LGBTQ rights are not a political playground


Reece Ingram, Editor-in-Chief

Since the appointment of Justice Amy Coney Barrett, the LGBTQ community has been consumed with fear due to the fact that their fundamental right to marry is in jeopardy. For decades, the LGBTQ community has received backlash in forms of legislation, hate crimes, and discrimination. Yet, just five years ago, the Supreme Court legalized same-sex marriage nation-wide. However, there is a chance that the Court will repeal that. The Supreme Court now holds a Republican majority, since the death of Justice Ruth Bader Ginsburg. She was not only a feminist icon, she was also a Human Rights activist. Since the appointment of Justice Barrett, many fear that the progress made possible by Justice Ginsburg will be tarnished. 

Two conservative justices have publicly agreed that the same-sex marriage equality should be overturned. Justices Clarence Thomas and Samuel Alito argued that the matter should be left to state legislatures and that the LGBTQ community’s right to marry restricted religious freedoms. 

Obergefell v Hodges was the biggest turning point in the LGBTQ community, which gave same-sex couples the fundamental right to marry. Justice Thomas stated that people with strong religious beliefs concerning marriage feel that it is hard to participate in society. If people with such extreme religious beliefs find it that difficult to accept people for who they are, it shows how ignorant and close minded those individuals are. However, people are entitled to their opinion, but when it comes to people’s lives, then it’s unacceptable.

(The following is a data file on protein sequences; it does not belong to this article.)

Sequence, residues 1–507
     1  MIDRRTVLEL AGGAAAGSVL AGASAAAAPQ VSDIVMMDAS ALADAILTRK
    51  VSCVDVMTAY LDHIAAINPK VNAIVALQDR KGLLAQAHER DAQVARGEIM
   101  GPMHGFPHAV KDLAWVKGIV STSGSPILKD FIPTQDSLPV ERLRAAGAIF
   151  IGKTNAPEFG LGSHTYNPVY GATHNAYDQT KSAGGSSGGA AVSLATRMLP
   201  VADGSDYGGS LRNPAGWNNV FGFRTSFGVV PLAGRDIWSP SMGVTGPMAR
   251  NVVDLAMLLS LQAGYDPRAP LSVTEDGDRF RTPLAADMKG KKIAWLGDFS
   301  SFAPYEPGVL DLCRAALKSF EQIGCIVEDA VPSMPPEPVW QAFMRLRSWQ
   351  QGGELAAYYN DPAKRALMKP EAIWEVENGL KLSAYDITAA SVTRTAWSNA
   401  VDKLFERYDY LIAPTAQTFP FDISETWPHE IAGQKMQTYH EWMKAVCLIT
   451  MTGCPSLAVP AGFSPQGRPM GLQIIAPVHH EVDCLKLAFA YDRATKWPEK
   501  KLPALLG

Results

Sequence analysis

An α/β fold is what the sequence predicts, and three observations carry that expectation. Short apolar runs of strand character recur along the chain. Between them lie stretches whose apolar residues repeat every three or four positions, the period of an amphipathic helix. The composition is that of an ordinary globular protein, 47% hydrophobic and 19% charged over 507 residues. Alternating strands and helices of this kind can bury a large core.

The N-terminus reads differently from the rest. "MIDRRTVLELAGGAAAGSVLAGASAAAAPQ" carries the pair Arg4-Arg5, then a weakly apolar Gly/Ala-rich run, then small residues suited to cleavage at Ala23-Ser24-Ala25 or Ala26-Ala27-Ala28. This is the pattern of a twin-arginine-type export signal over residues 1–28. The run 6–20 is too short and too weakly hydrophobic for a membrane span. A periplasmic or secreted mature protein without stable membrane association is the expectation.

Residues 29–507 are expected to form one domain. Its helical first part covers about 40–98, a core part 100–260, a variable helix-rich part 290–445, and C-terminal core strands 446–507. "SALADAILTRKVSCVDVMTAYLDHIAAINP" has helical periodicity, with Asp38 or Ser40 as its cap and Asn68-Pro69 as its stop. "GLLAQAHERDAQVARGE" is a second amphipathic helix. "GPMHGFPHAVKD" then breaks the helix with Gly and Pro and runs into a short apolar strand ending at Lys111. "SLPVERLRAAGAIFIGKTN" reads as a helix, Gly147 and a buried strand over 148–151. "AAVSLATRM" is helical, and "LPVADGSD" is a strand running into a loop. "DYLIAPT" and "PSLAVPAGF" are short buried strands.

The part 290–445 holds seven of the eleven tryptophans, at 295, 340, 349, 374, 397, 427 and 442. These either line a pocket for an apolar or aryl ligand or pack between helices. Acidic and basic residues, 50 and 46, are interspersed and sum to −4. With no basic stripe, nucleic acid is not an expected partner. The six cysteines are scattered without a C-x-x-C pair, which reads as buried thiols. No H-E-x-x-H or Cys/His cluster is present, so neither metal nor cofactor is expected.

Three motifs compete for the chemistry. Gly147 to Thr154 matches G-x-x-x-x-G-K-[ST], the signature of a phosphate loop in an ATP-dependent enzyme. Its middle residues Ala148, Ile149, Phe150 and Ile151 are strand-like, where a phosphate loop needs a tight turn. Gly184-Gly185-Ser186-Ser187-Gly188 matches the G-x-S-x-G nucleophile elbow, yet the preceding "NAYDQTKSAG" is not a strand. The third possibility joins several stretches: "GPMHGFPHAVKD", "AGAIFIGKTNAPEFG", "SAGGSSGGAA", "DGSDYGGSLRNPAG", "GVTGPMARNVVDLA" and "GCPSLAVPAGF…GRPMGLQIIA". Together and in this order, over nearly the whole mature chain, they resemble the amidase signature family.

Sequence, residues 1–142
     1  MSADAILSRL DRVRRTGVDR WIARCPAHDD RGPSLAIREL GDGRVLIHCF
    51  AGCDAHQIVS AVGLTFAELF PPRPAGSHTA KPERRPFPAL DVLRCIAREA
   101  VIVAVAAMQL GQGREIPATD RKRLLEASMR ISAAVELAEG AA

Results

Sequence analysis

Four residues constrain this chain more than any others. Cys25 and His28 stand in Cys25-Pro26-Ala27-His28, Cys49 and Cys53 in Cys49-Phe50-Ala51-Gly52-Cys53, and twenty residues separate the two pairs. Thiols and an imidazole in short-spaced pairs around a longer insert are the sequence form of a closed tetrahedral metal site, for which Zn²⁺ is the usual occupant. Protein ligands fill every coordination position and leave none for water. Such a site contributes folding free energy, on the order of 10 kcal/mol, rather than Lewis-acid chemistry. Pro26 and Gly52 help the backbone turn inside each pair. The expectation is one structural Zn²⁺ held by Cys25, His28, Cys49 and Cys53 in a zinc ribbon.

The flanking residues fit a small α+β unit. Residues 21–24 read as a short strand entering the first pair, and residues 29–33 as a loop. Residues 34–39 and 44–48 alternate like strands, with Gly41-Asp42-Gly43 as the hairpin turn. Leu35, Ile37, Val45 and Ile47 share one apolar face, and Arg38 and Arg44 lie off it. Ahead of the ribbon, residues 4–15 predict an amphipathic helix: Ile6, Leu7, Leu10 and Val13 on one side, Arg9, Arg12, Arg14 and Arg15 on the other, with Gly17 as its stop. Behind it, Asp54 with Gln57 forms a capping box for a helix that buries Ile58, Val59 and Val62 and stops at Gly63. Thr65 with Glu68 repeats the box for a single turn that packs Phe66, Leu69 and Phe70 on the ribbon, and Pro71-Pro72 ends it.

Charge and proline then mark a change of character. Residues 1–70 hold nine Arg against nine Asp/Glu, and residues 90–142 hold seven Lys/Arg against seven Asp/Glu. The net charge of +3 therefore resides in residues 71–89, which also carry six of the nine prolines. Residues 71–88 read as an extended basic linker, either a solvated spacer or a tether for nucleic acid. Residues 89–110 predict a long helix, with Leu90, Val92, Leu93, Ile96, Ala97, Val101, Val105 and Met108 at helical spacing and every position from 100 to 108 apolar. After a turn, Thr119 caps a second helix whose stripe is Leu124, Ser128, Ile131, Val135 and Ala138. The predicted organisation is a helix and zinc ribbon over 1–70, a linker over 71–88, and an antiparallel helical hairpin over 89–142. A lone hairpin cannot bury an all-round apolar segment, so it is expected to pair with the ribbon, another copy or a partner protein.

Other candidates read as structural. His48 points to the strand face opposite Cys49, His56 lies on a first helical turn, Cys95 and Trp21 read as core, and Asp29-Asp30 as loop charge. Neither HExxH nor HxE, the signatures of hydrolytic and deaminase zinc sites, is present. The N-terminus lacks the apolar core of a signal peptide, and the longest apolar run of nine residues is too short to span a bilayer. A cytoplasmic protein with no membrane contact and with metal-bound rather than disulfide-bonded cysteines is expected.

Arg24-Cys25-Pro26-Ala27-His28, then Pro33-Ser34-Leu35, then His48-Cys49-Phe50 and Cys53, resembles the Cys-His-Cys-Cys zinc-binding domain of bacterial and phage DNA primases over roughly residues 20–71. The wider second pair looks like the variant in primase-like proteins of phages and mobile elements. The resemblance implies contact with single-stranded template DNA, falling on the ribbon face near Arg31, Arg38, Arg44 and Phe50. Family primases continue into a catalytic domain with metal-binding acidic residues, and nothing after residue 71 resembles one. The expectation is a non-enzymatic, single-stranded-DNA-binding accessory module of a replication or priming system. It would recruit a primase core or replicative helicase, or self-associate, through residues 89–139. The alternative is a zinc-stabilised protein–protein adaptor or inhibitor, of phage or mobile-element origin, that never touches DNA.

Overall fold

Just because someone has a different sexual orientation than another person, does not make them less human. The possibility of same-sex marriage equality being overturned is infuriating and outright disrespectful. LGBTQ rights should be not a political playground for politicians, or anyone for that matter, to walk all over. LGBTQ rights are human rights, and that should never change. It is simply no one’s business to dictate a group of individual’s lives who have done nothing wrong and who are just unapologetically themselves. 

With all respect to the justices, I believe that the “ruinous consequences for religious liberty” do not compare to the oppression that members of the LGBTQ community have faced. Also, everyone deserves human rights, and religious freedom goes under that umbrella term. Therefore, choosing a “novel” constitutional right over religious liberty interests is not true.

It is interesting that the Supreme Court is debating on overturning a five-year-old ruling. Marriage is a basic legal protection and the genders of the couple should not matter. Some of the journalists for Vox, which is a news and opinion editorial website, have been speaking out against the possible repeal. Vox journalist Ian Millhiser called it “astonishing” that two Supreme Court Justices want to take away a basic civil right. 

Ever since the Stonewall Riots in 1969, the LGBTQ community has not stopped fighting for their rights as humans. Hopefully, this battle with society ends shortly and the Supreme Court will continue to recognize LGBTQ rights as valid.